CHESTNUT HILL, MASS.-
After a period of closure to the public due to the coronavirus pandemic, the McMullen Museum of Art at Boston College will reopen from May 12 through June 13, 2021. Safety protocolsincluding a requirement that visitors wear masks and maintain social distancingwill be in place. To schedule a visit, go to https://www.bc.edu/sites/artmuseum/book.html
On view in the Daley Family and Monan Galleries is the exclusive New England display of Taking Shape: Abstraction from the Arab World, 1950s1980s. The groundbreaking exhibition is organized by the Grey Art Gallery at New York University and is drawn from the collection of the Barjeel Art Foundation based in Sharjah, United Arab Emirates (UAE).
Taking Shape explores mid-twentieth-century abstract art from North Africa, West Asia, and the Arab diasporaa vast geographic expanse that encompasses diverse cultural, ethnic, linguistic, and religious backgrounds. It comprises nearly ninety works by artists from countries including Algeria, Egypt, Iraq, Jordan, Kuwait, Lebanon, Morocco, Palestine, Qatar, Sudan, Syria, Tunisia, and the UAE. The paintings, sculpture, drawings, and prints reflect the wide range of nonfigurative art practices that flourished in the Arab world over the course of four decades.
The McMullen Museum is pleased to present to our audience this landmark exhibition, said Inaugural Robert L. and Judith T. Winston Director of the McMullen Museum of Art Nancy Netzer, a BC professor of art history. Taking Shape opens new avenues of inquiry into traditional understandings of the development of abstraction in the mid-twentieth century by introducing the works of fifty-eight artists from the Middle East and beyond, most relatively unknown in America.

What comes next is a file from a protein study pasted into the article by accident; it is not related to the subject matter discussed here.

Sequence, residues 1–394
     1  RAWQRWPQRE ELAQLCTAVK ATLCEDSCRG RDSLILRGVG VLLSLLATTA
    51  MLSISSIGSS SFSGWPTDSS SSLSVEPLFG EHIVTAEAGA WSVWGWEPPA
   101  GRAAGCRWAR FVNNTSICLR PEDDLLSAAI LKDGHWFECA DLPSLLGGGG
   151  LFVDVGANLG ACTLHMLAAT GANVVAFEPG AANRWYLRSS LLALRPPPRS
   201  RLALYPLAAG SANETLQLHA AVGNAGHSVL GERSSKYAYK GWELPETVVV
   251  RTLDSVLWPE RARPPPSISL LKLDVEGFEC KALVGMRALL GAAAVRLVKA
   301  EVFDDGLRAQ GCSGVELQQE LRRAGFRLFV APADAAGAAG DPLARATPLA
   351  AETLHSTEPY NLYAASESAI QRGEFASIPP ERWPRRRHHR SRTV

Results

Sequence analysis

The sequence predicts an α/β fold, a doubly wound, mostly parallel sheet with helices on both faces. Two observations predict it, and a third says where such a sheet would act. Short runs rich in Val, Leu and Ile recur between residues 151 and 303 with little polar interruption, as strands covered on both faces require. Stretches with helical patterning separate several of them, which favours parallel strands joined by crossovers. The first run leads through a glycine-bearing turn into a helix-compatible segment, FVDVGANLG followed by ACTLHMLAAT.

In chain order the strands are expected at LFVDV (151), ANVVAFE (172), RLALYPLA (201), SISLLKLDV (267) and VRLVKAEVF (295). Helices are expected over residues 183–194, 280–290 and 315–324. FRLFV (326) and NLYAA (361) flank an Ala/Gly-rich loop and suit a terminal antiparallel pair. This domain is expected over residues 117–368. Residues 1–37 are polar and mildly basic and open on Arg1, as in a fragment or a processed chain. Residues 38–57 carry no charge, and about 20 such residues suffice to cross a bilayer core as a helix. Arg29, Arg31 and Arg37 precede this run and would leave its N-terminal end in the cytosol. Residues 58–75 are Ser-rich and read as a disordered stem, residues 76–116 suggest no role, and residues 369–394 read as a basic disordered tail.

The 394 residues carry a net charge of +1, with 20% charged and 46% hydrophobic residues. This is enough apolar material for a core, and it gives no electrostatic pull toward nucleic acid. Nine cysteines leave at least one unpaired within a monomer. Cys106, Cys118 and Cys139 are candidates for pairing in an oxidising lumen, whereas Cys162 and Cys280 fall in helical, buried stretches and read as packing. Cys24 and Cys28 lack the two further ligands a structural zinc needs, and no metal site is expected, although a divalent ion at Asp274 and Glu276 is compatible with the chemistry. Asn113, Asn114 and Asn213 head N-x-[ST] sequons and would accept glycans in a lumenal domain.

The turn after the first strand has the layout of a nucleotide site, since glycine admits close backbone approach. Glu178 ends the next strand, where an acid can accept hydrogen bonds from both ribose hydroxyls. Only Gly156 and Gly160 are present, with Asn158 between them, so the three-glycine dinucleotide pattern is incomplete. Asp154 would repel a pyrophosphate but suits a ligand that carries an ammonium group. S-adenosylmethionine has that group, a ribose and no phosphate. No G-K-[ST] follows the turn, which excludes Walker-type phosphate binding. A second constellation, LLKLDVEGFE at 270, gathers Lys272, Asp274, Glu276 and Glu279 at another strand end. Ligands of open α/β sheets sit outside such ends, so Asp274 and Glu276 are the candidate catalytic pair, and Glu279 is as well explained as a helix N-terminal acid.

Taking Shape raises a fundamental question: How do we study abstraction across different contexts, and what modes of analysis do we use? Examining critically the history and historiography of mid-twentieth-century abstraction, the exhibition rethinks art historical canons and expands discourses around global modernisms, according to organizers.
The artists featureda varied group of Arab, Amazigh (Berber), Armenian, Circassian, Jewish, Persian, and Turkish descentsought to localize and recontextualize existing twentieth-century modernisms, some forming groups to address urgent issues. Moving away from figuration, they mined the expressive capacities of line, color, and texture. Inspired by Arabic calligraphy, geometry, and mathematics, Islamic decorative patterns, and spiritual practices, they expanded abstractions vocabularythereby complicating its genealogies of origin and altering the viewers understanding of nonobjective art.
The McMullen display of Taking Shape features video interviews with several artists as well as with co-curators Suheyla Takesh (Barjeel Art Foundation curator) and Lynn Gumpert (Grey Art Gallery Director) and Barjeel Art Foundation Founder Sultan Sooud Al Qassemi.